Underneath the sparkle there’s a solid story.


From the Wish List series , Vol. 1

Isabelle’s starting the first level of Fairy Godmother Training, and things don’t look good.

Her sister’s a prodigy, and her Grandmomma wrote the rule book on proper fairy-godmother practice—literally—but Isabelle’s more like her scandalous mother, long-banished and the reason for the rules. Well-meaning and enthusiastic, Isabelle struggles with following instructions and studying. If she fails, she’ll have to go to the Fairy Godmother Home for Normal Girls and learn nonmagical work in a sparkle-and-wand–free environment. She’s assigned a practice princess, Nora Silverstein: not actually a princess but a regular girl. Isabelle has six weeks to create Nora’s happily-ever-after, but Nora’s a serious, practical girl, the kind who wishes for impossible-to-grant things like world peace. In spending time with Nora in hopes of discerning a grantable wish, Isabelle strikes a friendship with her—which in itself grants Nora’s wish for a friend. But the happy ending—Isabelle progresses in her training and learns that part of her trouble with reading fine print and rules stems from a need for glasses—is undermined by the revelation that the practice princesses will forget their fairy godmothers. Saving their friendship means breaking yet another rule (and setting up a sequel). Isabelle’s a smart and likable protagonist, and the third-person narration, refreshingly, assumes readers just like her. Isabelle and Nora are both white, but other fairy godmothers and princesses come in all colors.

Underneath the sparkle there’s a solid story. (Fantasy. 6-9)

Pub Date: May 30, 2017

ISBN: 978-0-545-94151-8

Page Count: 176

Publisher: Scholastic

Review Posted Online: March 6, 2017

Kirkus Reviews Issue: March 15, 2017

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Inspiration, shrink wrapped.


From an artist, poet, and Instagram celebrity, a pep talk for all who question where a new road might lead.

Opening by asking readers, “Have you ever wanted to go in a different direction,” the unnamed narrator describes having such a feeling and then witnessing the appearance of a new road “almost as if it were magic.” “Where do you lead?” the narrator asks. The Road’s twice-iterated response—“Be a leader and find out”—bookends a dialogue in which a traveler’s anxieties are answered by platitudes. “What if I fall?” worries the narrator in a stylized, faux hand-lettered type Wade’s Instagram followers will recognize. The Road’s dialogue and the narration are set in a chunky, sans-serif type with no quotation marks, so the one flows into the other confusingly. “Everyone falls at some point, said the Road. / But I will always be there when you land.” Narrator: “What if the world around us is filled with hate?” Road: “Lead it to love.” Narrator: “What if I feel stuck?” Road: “Keep going.” De Moyencourt illustrates this colloquy with luminous scenes of a small, brown-skinned child, face turned away from viewers so all they see is a mop of blond curls. The child steps into an urban mural, walks along a winding country road through broad rural landscapes and scary woods, climbs a rugged metaphorical mountain, then comes to stand at last, Little Prince–like, on a tiny blue and green planet. Wade’s closing claim that her message isn’t meant just for children is likely superfluous…in fact, forget the just.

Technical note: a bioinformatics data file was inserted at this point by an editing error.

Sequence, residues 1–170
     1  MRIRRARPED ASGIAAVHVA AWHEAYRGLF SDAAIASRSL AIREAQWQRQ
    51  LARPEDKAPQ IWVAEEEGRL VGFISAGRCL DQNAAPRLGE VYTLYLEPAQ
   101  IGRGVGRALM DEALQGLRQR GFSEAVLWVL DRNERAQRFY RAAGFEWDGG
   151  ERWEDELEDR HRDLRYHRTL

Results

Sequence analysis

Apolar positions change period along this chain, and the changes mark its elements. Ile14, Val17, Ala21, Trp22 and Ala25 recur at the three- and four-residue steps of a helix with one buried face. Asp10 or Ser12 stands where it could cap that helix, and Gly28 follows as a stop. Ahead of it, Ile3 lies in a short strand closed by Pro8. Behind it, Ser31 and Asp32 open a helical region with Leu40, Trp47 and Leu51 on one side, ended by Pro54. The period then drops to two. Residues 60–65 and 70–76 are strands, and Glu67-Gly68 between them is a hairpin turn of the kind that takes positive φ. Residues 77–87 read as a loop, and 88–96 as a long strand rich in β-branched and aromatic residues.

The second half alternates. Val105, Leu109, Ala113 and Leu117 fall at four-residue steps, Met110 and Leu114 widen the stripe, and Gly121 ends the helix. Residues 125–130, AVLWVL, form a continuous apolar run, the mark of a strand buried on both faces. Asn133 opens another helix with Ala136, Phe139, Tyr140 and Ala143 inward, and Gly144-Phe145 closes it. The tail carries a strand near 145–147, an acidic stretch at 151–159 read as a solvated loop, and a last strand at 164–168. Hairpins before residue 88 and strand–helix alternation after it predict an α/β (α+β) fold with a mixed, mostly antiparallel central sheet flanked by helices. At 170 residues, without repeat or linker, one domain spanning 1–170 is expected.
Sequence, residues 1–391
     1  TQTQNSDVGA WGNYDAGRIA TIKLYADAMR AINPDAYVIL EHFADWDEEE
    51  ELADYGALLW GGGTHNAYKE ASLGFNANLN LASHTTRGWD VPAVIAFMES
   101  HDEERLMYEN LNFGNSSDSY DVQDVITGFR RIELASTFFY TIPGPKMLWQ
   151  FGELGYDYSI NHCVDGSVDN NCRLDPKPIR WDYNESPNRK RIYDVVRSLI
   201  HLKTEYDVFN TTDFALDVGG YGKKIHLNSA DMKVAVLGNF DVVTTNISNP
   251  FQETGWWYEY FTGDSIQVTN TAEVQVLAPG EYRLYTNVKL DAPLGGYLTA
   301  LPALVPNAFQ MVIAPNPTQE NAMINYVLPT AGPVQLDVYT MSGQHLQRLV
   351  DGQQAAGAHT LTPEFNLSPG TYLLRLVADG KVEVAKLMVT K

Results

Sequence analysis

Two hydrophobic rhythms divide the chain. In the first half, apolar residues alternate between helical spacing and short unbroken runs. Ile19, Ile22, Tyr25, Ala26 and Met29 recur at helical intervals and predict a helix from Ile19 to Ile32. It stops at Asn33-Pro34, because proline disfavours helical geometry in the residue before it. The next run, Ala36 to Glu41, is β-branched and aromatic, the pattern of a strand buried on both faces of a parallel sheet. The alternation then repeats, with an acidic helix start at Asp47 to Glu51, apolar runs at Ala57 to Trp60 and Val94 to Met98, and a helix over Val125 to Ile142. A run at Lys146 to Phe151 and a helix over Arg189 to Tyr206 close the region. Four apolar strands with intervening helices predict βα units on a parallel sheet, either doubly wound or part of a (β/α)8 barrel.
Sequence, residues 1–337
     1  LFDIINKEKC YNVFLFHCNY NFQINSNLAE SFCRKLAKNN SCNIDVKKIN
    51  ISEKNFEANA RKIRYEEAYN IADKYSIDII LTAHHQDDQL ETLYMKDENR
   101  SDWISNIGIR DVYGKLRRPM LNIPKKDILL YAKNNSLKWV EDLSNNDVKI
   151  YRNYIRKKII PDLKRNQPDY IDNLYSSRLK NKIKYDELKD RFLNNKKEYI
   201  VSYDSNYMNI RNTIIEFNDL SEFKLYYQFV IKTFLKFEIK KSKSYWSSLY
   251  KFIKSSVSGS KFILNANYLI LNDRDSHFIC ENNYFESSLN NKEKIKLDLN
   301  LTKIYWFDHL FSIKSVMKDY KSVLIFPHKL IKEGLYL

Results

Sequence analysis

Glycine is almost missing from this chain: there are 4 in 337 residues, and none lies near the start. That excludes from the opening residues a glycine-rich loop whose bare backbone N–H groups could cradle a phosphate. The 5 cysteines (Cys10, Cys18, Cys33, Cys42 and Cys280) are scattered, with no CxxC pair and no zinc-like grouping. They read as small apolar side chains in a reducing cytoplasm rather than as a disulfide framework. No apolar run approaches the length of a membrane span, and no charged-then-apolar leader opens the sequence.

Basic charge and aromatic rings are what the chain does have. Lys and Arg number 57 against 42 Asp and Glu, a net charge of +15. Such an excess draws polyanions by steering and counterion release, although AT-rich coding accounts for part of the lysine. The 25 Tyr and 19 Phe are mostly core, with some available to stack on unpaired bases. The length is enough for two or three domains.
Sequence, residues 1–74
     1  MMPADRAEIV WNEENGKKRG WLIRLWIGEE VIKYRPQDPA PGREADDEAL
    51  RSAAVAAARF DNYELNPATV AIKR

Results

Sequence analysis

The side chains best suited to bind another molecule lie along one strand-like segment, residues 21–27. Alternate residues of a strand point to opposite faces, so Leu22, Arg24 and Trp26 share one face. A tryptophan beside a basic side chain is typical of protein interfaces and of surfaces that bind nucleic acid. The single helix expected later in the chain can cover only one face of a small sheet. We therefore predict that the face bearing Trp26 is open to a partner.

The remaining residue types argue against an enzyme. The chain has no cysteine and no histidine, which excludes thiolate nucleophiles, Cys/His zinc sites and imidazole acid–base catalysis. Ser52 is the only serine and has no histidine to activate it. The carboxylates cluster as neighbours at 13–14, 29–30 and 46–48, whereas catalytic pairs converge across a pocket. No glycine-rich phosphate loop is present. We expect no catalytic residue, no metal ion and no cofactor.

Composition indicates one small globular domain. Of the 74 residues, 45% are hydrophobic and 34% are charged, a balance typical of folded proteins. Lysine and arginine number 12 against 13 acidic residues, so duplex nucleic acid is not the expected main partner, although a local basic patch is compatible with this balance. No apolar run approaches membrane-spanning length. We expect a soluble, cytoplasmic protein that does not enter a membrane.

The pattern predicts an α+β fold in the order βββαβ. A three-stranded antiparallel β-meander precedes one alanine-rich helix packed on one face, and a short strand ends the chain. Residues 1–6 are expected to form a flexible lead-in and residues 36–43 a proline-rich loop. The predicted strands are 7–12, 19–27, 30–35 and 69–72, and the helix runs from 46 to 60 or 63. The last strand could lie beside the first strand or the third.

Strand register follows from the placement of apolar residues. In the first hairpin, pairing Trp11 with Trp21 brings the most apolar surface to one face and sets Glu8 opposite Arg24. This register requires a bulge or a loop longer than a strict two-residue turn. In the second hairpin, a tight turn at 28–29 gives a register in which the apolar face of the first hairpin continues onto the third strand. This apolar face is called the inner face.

Inspiration, shrink wrapped. (Picture book. 6-8, adult)

Pub Date: March 23, 2021

ISBN: 978-1-250-26949-2

Page Count: 40

Publisher: Feiwel & Friends

Review Posted Online: April 8, 2021

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A fitting farewell, still funny, acute, and positive in its view of human nature even in its 37th episode.


From the Horrible Harry series , Vol. 37

A long-running series reaches its closing chapters.

Having, as Kline notes in her warm valedictory acknowledgements, taken 30 years to get through second and third grade, Harry Spooger is overdue to move on—but not just into fourth grade, it turns out, as his family is moving to another town as soon as the school year ends. The news leaves his best friend, narrator “Dougo,” devastated…particularly as Harry doesn’t seem all that fussed about it. With series fans in mind, the author takes Harry through a sort of last-day-of-school farewell tour. From his desk he pulls a burned hot dog and other items that featured in past episodes, says goodbye to Song Lee and other classmates, and even (for the first time ever) leads Doug and readers into his house and memento-strewn room for further reminiscing. Of course, Harry isn’t as blasé about the move as he pretends, and eyes aren’t exactly dry when he departs. But hardly is he out of sight before Doug is meeting Mohammad, a new neighbor from Syria who (along with further diversifying a cast that began as mostly white but has become increasingly multiethnic over the years) will also be starting fourth grade at summer’s end, and planning a written account of his “horrible” buddy’s exploits. Finished illustrations not seen.

A fitting farewell, still funny, acute, and positive in its view of human nature even in its 37th episode. (Fiction. 7-9)

Pub Date: Nov. 27, 2018

ISBN: 978-0-451-47963-1

Page Count: 80

Publisher: Viking

Review Posted Online: Sept. 17, 2018

Kirkus Reviews Issue: Oct. 1, 2018

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